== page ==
Today's post looks at 7 options:
An old usability nightmare of the Web has made a comeback on mobile websites. Splash pages promoting mobile apps are quite common, but risk that the user bails without entering the site.
Remember, a mobile visitor that arrives with a direct browser type-in is looking for your site, not an app. Your app may be a perfect replica of your site, but downloading it takes extra user action, takes them away from your site, and takes up memory on the user's device. A splash page that pushes your app is promoting your goals, not the user's goals for their visit to your site.
If you choose to take an in-your-face approach to your call-to-action, you better back it up with compelling reasons why the user should bother, and provide a clear link / button to proceed to the mobile website.
Note: Be careful not to cause FUD (fear, uncertainty and doubt) with your callout. Offering discounts to app users only may put off customers that prefer to use your site.
Geolocation tools can improve usability for visitors in geographies that your app can't serve by sending them directly to your site.
Light boxes are also risky, they're an extra point of friction in the journey to your site content. They may, however, be perceived as less intrusive -- something to test against a full splash page.
Idea: Use device recognition to serve the appropriate callout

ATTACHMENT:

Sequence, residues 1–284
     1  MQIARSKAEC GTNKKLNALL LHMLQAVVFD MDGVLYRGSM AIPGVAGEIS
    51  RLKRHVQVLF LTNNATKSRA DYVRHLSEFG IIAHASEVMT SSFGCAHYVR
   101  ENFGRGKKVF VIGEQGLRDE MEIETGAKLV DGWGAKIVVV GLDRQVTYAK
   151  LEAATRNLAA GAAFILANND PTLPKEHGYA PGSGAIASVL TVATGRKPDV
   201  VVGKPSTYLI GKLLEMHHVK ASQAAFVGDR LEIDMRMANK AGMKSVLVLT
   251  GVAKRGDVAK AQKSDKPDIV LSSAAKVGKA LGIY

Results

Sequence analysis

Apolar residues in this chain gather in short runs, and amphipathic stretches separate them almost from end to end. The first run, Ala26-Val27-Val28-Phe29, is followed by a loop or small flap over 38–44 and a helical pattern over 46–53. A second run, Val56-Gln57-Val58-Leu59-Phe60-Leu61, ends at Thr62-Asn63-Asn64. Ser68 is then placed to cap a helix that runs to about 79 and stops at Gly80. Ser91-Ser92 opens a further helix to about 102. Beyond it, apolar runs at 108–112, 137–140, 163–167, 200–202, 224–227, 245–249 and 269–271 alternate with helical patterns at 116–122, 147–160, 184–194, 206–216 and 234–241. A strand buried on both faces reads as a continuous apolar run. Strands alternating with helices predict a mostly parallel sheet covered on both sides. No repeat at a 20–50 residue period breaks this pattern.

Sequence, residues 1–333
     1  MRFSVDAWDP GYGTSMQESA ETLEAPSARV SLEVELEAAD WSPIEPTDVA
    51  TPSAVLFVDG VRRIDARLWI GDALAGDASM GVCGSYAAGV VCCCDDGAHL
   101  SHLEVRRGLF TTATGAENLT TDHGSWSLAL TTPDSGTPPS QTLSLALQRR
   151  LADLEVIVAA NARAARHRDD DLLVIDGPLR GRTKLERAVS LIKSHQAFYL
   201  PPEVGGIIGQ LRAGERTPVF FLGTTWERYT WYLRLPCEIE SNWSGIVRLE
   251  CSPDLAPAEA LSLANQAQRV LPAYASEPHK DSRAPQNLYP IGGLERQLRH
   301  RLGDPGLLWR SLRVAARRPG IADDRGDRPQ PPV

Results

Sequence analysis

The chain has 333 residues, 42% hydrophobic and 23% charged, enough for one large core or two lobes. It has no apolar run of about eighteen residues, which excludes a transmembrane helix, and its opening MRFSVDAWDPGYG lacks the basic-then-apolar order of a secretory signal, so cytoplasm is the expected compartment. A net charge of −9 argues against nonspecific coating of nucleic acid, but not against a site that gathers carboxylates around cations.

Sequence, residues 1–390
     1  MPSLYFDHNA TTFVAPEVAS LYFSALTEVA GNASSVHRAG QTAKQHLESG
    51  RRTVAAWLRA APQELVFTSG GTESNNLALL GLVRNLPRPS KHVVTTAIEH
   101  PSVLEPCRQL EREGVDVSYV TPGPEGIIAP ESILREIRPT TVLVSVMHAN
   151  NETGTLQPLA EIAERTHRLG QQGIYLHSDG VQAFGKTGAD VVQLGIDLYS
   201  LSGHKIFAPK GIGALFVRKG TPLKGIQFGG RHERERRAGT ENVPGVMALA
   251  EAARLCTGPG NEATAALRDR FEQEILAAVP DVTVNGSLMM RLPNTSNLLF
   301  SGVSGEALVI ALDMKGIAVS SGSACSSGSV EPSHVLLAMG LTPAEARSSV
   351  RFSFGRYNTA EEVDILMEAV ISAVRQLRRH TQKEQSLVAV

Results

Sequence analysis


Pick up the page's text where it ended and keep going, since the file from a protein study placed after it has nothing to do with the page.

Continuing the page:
This saves your having to use multiple buttons for different platforms.
App Store Banner
You have the option of placing a banner callout top-of-screen that links directly to the Apple App Store, for example. This banner disappears as the user scrolls down or closes the X. It's a non-intrusive approach, but it doesn't allow room for value proposition text beyond star ratings.
Some sites combine splash page with banner - no need. Pick one or the other.
If you want more design flexibility, you can always craft your own collapsible banner.
Larger banners stand out more, but also push more content down the screen. Another approach to test.
Similar to the custom banner, but non-collapsible,
Note: Don't be a tease, if you offer extra features in your app, tell what they are.
Using a simply styled button can be effective, but note it can be overlooked easily (user test).
The most subtle way to promote your app is in your navigation menu. Regardless of your home page approach, it's a good idea to double-up with a nav link that appears site-wide.
To make it stand out, consider styling it in a different color from other menu options.
The app alternative
If you don't have an app, you can alternatively encourage visitors to bookmark your site to their home screen.
Because this requires user action to close, make sure to test this against not using the callout to determine its impact on bounce rate.